WALKER -- Seeing a new hospital built in central Cass County is pretty unlikely any time soon, Health and Human Services Director Dorothy Opheim told the county board Tuesday.
The perceived need for improved health care in central Cass County has risen in many public meeting discussions and, most recently, at county Public Health Advisory Committee meetings.
Opheim contacted the Minnesota Department of Health rural health and primary care office and the facility and provider compliance management office to determine whether there might be something the county could do.
She found there currently is a statewide moratorium on construction of hospitals and nursing homes. The state no longer has a formal certificate of need process.
These state offices have no control over urgent care or clinic facilities.
Because of limited staff, the office of rural health rarely meets with groups to share information or tools or to assist with an assessment. The local community first must provide demographic information before that office will consider evaluating the community needs, Opheim said.
That office suggested a large neighboring hospital or health care corporation be contacted for information on facility cost guidelines and possibly asked to do a needs assessment for this area, Opheim said.
Cass County Health and Human Services Department does not have the time, nor the funding to be a facilitator or the driving force for as large a project as this would be, Opheim said.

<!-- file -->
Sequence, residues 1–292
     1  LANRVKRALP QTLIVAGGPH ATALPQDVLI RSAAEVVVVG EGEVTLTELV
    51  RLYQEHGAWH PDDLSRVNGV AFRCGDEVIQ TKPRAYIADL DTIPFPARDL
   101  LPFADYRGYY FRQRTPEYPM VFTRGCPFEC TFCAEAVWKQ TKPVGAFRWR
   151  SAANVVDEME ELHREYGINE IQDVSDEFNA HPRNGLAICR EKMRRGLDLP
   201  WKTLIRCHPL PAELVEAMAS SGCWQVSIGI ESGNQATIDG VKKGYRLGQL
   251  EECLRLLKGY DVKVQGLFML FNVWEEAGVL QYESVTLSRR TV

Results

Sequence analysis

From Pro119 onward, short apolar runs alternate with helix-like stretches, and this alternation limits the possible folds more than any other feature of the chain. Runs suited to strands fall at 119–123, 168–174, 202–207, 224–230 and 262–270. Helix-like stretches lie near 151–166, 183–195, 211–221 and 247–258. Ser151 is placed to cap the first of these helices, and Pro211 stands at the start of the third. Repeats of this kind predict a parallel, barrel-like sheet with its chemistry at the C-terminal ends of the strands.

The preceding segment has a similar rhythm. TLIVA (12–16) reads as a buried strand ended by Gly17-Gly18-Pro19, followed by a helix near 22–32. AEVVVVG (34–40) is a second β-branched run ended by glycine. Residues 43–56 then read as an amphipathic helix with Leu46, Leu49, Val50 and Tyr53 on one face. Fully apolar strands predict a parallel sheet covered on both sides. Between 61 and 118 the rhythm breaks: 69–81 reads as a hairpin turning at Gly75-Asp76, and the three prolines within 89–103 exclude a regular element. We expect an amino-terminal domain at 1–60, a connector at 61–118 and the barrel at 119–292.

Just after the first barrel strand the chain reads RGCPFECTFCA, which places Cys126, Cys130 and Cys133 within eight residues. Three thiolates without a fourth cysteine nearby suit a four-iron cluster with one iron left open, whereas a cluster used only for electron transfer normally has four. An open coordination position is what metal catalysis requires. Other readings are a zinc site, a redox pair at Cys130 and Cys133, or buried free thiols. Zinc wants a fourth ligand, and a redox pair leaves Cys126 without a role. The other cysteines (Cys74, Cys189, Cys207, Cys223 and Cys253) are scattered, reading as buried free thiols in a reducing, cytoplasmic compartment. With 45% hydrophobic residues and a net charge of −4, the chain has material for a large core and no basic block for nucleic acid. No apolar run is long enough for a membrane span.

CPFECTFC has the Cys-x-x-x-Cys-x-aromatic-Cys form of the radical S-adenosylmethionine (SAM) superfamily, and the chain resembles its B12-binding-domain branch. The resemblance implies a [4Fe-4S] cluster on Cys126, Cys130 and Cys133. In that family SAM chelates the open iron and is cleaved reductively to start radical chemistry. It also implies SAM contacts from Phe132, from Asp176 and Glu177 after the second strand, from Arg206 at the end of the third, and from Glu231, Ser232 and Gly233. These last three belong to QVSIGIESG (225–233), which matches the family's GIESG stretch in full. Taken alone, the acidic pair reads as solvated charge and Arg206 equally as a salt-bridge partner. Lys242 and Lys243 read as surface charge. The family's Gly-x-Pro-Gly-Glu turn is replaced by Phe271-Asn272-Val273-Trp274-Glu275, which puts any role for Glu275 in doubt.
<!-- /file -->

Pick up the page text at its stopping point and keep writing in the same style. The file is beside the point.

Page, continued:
She suggested communities within the county need to do more on their own if they see the need.
Commissioner Jim Dowson suggested private businesses should be encouraged to take a closer look at the need to provide faster emergency services and more complete health care for the growing number of central Cass residents.
The closest hospitals for Cass County residents are in Brainerd, Bemidji, Grand Rapids and Park Rapids, all outside the county. Many cities in Cass have satellite clinics offering routine medical care services during normal weekday business hours.
None have around-the-clock emergency service. Only the Leech Lake Health Services hospital at Cass Lake can provide emergency treatment.
Opheim said it has been suggested a first step might be to have more paramedics on ambulances, but ambulance services based in Longville and Walker are volunteer organizations.
Their staffs already are pressed for time and money to reach emergency medical technician training level, she said.
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